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Concept of Utilitarianism by Jeremy Bentham

Socio Legal Corp

Last Updated on August 6, 2023 by Administrator

Jeremy Bentham was an English philosopher, economist, social reformer, and legal theorist born in London in 1748. Bentham being an individualist, supported the ‘leissez-faire’ a French term, which, if translated, means “to leave alone”; hence this principle means minimum interference of the state in the economic activities of the individual. Jeremy Bentham, in his book ‘An Introduction to the Principles of Morals and Legislation’ published in 1789, developed the principle of “Utilitarianism” also known as the greatest happiness principle is based on morality and ethics. According to utilitarianism, the proper goal of the legislation is to implement the utility principle, or we can say that the proper end of every law is the increase of the ‘greatest happiness’ of the ‘greatest number’. Bentham, in his book, wrote that nature has placed mankind under the governance of two sovereigns, “pleasure and pain” for Bentham, the concept of pleasure and pain is both physical and spiritual. The principle of utility regards goods as which produces the greatest amount of pleasure and minimum amount of pain and evil as which produces the only greatest amount of pain and no pleasure. He further stated that rights are created by law, not by nature. As all humans seek more pleasure and avoid pain, the pleasure-pain theory explains how people behave i.e., psychological hedonism and how people should behave i.e. ethical hedonism. Thus, the principle of utility means behaviours are right in so far as they promote happiness and pleasure and vice versa. Now by this, we can conclude that the government which provides and promote the greatest number of pleasure and happiness is the best as it does not focus on self-interest or individual happiness rather, it talks about the happiness and pleasure of everyone. He added that government exists because it seeks to improve people’s pleasure, not because of any social contract by this, he rejected social contract theory.

Thus, the Three Generally Accepted Axioms of Utilitarianism are

  • Pleasure, or happiness, is the only thing that has intrinsic value.
  • Actions are right if they promote happiness and wrong if they promote unhappiness.
  • The happiness of everyone counts equally.

Bentham talks about felicific calculus to evaluate both the sovereign quantitatively, and he provided seven criteria, namely; Intensity, duration, certainty, proximity, productiveness, purity, and extent, examines the concept of punishment and when it should be applied, as well as whether a punishment will cause society to experience greater pleasure or pain. For him, the degree of pleasure of a kid playing on the ground and a person reading poetry is the same. The doctrine of utility is only concerned with the end result, the result in the achievement of the greatest happiness of the greatest number, and the motive is irrelevant.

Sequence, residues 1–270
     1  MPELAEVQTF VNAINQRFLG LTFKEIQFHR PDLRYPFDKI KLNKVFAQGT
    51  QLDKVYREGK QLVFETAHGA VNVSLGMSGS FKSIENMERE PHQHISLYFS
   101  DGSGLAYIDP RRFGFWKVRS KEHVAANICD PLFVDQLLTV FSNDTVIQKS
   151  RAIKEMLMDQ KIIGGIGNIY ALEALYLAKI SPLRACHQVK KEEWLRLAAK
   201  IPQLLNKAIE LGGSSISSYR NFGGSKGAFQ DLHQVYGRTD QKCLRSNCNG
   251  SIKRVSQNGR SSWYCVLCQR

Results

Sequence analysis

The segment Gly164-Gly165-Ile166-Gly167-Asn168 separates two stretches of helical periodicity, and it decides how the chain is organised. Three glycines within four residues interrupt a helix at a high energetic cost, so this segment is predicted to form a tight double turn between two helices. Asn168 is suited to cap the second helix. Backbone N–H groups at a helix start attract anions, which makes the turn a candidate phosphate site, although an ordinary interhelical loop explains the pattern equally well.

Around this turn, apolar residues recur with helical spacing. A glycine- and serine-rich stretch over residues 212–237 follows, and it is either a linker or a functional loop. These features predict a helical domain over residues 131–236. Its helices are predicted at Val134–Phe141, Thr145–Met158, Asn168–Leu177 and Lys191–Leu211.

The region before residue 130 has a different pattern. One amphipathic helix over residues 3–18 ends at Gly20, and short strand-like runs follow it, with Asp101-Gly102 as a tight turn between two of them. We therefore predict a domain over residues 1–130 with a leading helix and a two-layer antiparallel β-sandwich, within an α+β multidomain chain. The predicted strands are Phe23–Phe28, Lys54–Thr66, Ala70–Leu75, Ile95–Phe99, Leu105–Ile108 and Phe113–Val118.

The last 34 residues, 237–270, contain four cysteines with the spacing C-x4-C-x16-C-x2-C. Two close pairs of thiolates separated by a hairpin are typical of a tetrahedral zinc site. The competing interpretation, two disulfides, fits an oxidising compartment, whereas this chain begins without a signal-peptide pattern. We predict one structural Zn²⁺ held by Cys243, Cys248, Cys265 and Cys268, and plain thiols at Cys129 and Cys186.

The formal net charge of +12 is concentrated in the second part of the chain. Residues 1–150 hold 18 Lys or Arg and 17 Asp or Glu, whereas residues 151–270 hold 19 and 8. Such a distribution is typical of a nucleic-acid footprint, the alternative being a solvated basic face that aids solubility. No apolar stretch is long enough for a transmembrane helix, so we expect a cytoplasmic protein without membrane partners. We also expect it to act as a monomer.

There is various criticism of the doctrine of utilitarianism few of them are as follows;

  • The nature of man is a complex phenomenon and is not merely limited to seeking pleasure and avoiding pain.
  • It only talks about the quantitative measure of happiness and pleasure and wholly avoided qualitative validity. 
  • Overlooked human desires and these personal desires should be disregarded for the common benefit of the largest number of men.
  • According to Mill, if time is spent determining the best course of action, the opportunity to take the optimal course of action will have passed.
  • A person’s satisfaction is not a part of any bigger satisfaction. As a result, the process of totalling up the diverse joys of multiple persons becomes difficult because both pain and happiness are essential to and inseparable from the awareness in which they are felt.
  • It is difficult to properly differentiate the pain and pleasure of each and every feeling.
  • Motive is irrelevant.
  • The calculation to determine pleasure and happiness is impossible as the consequences are inherently unknowable, which Daniel Dennett referred to as the Three Mile Island effect. 
  • Rejection of human rights led to the undermined foundation of a free society, as pointed out by the historian Gertrude Himmelfarb.
  • Ignored minority interest. 
  • No scope for Gray to create a black-and-white construct of morality either something is wrong or it is right.

The principle of utilitarianism opposes ‘Retributive Theory’ and states that rational punishment is to prevent further crime. It emphasizes formulating better policies and making informed decisions, as the first priority of the government is to maximize the happiness i.e., benefits for the greatest number of people from programs and policies and at the same time minimize the pain i.e., losses and damages. It also helps in formulating policies for the welfare of the maximum number of people with quick implementation. It also supports democracy as a way of making the interest of the government coincide with the general interest.


In the final analysis, after observing the above facts, it can be concluded that utilitarianism provides an alternative to the theories like natural rights, natural law, and social contract theory. Furthermore, it cannot be ignored that there are various laws that are inconsistent with fundamental rights but are constitutionally valid because of maintaining social peace and order in society. Thus, we can say that utilitarianism theory is valuable in formulating specific policies for the well-being of a large number of people but cannot be treated as the end. 

Authored By – Mehak Khan, Vivekananda Institute of Professional Studies

Edited by Ayush Kumar

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